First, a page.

According to the UK trade commissioner for the Middle East and consul general in Dubai, a free trade deal between the GCC and the UK will improve bilateral trade and solidify Britain’s position as the bloc’s third-largest export market internationally in the post-Brexit period.
“The FTA will assist us in growing that number further, but it will also assist us in protecting that number… it will assist us in protecting our market share.” The competitive landscape [for trade] is something you would have seen over the previous decade or so,” Simon Penney told The National.
“It’s about defending and then expanding market share.” So it’s critical for us that if we don’t sign a free trade deal, many other nations will take our market share.”
According to government estimates, bilateral trade between the GCC and the UK was worth more than £30 billion ($40.88 billion) in 2020 alone, while British exports totaled £22 billion. According to the European Commission, China and the EU are the GCC’s leading and second largest trading partners, accounting for 15.8 percent and 12.3 percent of overall GCC trade in goods in 2020, respectively.
Officials from the GCC and the UK agreed in December last year to move quickly toward a full FTA as both sides want to strengthen their commercial relationship and capitalize on synergies following Britain’s withdrawal from the EU.
Following a day-long meeting with British Foreign Secretary Liz Truss at her 17th-century grace-and-favour mansion, Chevening House in Kent, foreign ministers from the Gulf Cooperation Council and Ms Truss declared that the “re-energised UK-GCC partnership” would generate significant business opportunities.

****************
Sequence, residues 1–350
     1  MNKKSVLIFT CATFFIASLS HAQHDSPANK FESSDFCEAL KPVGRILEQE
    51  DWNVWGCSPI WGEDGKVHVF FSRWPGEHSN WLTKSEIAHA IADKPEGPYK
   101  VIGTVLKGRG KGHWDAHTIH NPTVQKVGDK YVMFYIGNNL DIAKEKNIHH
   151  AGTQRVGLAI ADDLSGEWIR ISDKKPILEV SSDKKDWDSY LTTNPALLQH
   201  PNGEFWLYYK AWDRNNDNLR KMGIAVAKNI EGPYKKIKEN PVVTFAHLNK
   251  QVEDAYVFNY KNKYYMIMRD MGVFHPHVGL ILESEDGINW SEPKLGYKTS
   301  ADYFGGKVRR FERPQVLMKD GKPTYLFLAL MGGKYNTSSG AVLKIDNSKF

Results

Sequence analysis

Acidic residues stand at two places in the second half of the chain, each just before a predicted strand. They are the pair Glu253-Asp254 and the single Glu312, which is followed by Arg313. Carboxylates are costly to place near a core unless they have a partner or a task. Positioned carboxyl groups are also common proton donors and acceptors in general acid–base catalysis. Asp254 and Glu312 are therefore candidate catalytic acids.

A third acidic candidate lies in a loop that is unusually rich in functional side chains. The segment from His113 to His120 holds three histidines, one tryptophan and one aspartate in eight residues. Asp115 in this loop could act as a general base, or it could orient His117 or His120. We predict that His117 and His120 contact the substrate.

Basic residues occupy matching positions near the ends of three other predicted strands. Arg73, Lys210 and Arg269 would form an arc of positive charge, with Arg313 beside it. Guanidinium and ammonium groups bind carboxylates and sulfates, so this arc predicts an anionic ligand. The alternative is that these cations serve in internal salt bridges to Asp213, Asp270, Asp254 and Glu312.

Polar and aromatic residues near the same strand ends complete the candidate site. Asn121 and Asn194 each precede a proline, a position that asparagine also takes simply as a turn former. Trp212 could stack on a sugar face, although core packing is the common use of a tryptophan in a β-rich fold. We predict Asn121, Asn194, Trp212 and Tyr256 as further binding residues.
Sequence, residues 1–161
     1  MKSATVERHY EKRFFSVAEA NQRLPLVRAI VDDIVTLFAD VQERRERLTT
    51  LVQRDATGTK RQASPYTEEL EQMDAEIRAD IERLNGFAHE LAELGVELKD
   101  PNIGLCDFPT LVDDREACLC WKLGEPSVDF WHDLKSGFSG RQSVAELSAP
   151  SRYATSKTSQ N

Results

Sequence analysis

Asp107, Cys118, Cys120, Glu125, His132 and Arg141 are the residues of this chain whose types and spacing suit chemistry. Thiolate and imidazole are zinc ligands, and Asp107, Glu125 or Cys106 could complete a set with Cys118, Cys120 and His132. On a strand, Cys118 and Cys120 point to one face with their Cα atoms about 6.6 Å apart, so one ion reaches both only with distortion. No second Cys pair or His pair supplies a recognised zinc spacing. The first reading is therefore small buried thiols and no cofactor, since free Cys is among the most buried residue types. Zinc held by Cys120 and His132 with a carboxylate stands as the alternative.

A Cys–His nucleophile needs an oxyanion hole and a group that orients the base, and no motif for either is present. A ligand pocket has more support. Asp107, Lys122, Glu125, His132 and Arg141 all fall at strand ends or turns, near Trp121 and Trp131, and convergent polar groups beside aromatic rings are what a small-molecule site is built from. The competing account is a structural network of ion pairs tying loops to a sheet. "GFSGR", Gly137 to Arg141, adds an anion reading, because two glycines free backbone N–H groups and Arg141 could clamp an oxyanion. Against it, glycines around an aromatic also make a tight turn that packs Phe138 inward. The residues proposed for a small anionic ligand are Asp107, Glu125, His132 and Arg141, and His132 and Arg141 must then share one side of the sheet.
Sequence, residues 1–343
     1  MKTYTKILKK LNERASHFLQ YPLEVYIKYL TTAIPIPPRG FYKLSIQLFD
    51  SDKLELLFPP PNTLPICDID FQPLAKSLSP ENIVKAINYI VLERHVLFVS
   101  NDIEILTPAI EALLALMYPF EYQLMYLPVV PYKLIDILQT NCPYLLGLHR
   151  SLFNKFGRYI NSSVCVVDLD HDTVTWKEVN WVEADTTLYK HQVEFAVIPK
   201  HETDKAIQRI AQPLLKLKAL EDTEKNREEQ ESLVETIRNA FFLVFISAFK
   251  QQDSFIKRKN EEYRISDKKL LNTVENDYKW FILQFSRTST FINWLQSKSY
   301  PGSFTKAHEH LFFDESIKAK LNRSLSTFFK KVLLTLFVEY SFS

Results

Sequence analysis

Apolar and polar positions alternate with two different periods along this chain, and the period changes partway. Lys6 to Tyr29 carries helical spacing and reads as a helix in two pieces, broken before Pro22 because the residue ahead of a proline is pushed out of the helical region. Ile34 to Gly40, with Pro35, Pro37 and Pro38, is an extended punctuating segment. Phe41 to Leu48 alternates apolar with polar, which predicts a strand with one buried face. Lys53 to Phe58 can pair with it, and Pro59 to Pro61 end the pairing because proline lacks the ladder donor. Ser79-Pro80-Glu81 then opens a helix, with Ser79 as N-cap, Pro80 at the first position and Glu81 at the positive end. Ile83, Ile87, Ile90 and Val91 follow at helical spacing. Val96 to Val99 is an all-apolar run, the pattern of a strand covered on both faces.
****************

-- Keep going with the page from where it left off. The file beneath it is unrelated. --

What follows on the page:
“I want us to have considerably closer relationships with a region of the globe that is crucial to Britain’s long-term interests in critical sectors like trade, investment, development, and cyber security,” Ms Truss said at the time.
After a continued consultation period concludes in January, the formal procedure for an FTA will begin. According to authorities, discussions with the bloc’s six member countries would begin immediately after.
Mr Penney said that UK firms may also participate in the consultation process by offering feedback on the British government’s website.
“This consultation is an opportunity for enterprises to formally record their difficulties and impediments to conducting business, and [will] let us to assist in addressing those joining the GCC.”
While the UK will strive to grow its exports to the Gulf, Mr Penney believes the FTA might have the opposite effect, with Britain becoming a significant market for GCC products.
“As the Gulf nations diversify and grow their internal economies, they will seek export markets.” We want the UK to benefit from UAE and Gulf exports.
An FTA, according to Mr Penney, will match the UK and the Gulf in terms of rules and processes, allowing firms from the area to “conduct business competitively in the UK.”
Britain, which formally left the EU this year, is attempting to establish an autonomous connection with other nations in order to increase commerce and investment outside of Europe.
Despite being one of the GCC’s most important commercial partners, the EU has been unable to reach an FTA with the area. Discussions stalled in 2010 on problems such as the Gulf countries’ desire to preserve the ability to levy export duties. At the time, EU authorities stated that this would be detrimental to small European firms.
Following Brexit, the UK has started negotiating free trade agreements (FTAs) with Australia, New Zealand, the United States, and Singapore. In addition to the GCC, it is ready to initiate FTA discussions with Canada, Mexico, and India.
“The Indo Pacific [region] is one such location where a lot of the development will come from,” Mr Penney said.